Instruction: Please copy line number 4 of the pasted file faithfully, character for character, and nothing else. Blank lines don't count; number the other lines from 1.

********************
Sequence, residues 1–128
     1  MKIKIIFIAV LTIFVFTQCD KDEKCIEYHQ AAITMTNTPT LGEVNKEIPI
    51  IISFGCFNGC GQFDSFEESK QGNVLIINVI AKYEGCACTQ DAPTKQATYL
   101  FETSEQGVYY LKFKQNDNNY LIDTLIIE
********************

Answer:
   101  FETSEQGVYY LKFKQNDNNY LIDTLIIE